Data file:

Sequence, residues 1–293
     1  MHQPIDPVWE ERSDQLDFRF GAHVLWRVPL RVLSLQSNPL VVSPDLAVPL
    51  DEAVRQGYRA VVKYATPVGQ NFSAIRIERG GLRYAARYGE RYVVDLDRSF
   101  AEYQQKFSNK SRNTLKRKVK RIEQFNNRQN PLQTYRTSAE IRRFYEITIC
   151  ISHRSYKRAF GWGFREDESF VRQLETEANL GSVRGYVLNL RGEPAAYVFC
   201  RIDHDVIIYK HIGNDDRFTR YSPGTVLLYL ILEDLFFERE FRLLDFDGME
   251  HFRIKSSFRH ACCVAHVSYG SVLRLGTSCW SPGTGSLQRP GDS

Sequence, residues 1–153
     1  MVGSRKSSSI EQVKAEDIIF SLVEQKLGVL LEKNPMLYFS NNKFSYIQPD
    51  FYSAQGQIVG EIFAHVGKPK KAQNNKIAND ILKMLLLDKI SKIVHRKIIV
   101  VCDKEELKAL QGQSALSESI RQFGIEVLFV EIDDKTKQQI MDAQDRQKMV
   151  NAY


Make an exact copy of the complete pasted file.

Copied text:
Sequence, residues 1–293
     1  MHQPIDPVWE ERSDQLDFRF GAHVLWRVPL RVLSLQSNPL VVSPDLAVPL
    51  DEAVRQGYRA VVKYATPVGQ NFSAIRIERG GLRYAARYGE RYVVDLDRSF
   101  AEYQQKFSNK SRNTLKRKVK RIEQFNNRQN PLQTYRTSAE IRRFYEITIC
   151  ISHRSYKRAF GWGFREDESF VRQLETEANL GSVRGYVLNL RGEPAAYVFC
   201  RIDHDVIIYK HIGNDDRFTR YSPGTVLLYL ILEDLFFERE FRLLDFDGME
   251  HFRIKSSFRH ACCVAHVSYG SVLRLGTSCW SPGTGSLQRP GDS

Sequence, residues 1–153
     1  MVGSRKSSSI EQVKAEDIIF SLVEQKLGVL LEKNPMLYFS NNKFSYIQPD
    51  FYSAQGQIVG EIFAHVGKPK KAQNNKIAND ILKMLLLDKI SKIVHRKIIV
   101  VCDKEELKAL QGQSALSESI RQFGIEVLFV EIDDKTKQQI MDAQDRQKMV
   151  NAY